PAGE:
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Whether in Christ there were two wills as regards the reason?

Objection 1: It would seem that in Christ there were two wills as regards the reason. For Damascene says (De Fide Orth. ii, 22) that there is a double will in man, viz. the natural will which is called {thelesis}, and the rational will which is called {boulesis}. Now Christ in His human nature had whatever belongs to the perfection of human nature. Hence both the foregoing wills were in Christ.

Objection 2: Further, the appetitive power is diversified in man by the difference of the apprehensive power, and hence according to the difference of sense and intellect is the difference of sensitive and intellective appetite in man. But in the same way as regards man's apprehension, we hold the difference of reason and intellect; both of which were in Christ. Therefore there was a double will in Him, one intellectual and the other rational.

Objection 3: Further, some [*Hugh of St. Victor, De Quat. Volunt. Christ.] ascribe to Christ "a will of piety," which can only be on the part of reason. Therefore in Christ on the part of reason there are several wills.

On the contrary, In every order there is one first mover. But the will is the first mover in the genus of human acts. Therefore in one man there is only one will, properly speaking, which is the will of reason. But Christ is one man. Therefore in Christ there is only one human will.

I answer that, As stated above (A[1], ad 3), the will is sometimes taken for the power, and sometimes for the act. Hence if the will is taken for the act, it is necessary to place two wills, i.e. two species of acts of the will in Christ on the part of the reason. For the will, as was said in the FS, Q[8], AA[2],3, regards both the end and the means; and is affected differently towards both. For towards the end it is borne simply and absolutely, as towards what is good in itself; but towards the means it is borne under a certain relation, as the goodness of the means depends on something else. Hence the act of the will, inasmuch as it is drawn to anything desired of itself, as health, which act is called by Damascene {thelesis}---i.e. simple will, and by the masters "will as nature," is different from the act of the will as it is drawn to anything that is desired only in order to something else, as to take medicine; and this act of the will Damascene calls {boulesis}---i.e. counseling will, and the masters, "will as reason." But this diversity of acts does not diversify the power, since both acts regard the one common ratio of the object, which is goodness. Hence we must say that if we are speaking of the power of the will, in Christ there is but one human will, essentially so called and not by participation; but if we are speaking of the will as an act, we thus distinguish in Christ a will as nature, which is called {thelesis}, and a will as reason, which is called {boulesis}.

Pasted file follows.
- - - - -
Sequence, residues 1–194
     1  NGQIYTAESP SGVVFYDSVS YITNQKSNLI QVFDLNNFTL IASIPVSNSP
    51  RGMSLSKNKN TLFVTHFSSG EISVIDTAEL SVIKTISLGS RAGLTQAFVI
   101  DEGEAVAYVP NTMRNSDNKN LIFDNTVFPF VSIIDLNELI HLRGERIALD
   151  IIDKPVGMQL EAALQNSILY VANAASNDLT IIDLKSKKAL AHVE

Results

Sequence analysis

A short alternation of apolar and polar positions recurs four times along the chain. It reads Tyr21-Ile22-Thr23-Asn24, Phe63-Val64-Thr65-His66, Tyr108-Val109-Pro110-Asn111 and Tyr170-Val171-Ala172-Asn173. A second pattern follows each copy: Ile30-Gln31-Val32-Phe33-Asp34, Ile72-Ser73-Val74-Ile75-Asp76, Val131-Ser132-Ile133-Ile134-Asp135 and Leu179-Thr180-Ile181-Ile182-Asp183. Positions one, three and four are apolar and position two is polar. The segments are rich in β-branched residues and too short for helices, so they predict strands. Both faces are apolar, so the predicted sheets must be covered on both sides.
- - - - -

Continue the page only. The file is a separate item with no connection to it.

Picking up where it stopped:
Reply to Objection 1: These two wills do not diversify the power but only the act, as we have said.

Reply to Objection 2: The intellect and the reason are not distinct powers, as was said in the FP, Q[79], A[8].

Reply to Objection 3: The "will of piety" would not seem to be distinct from the will considered as nature, inasmuch as it shrinks from another's evil, absolutely considered.

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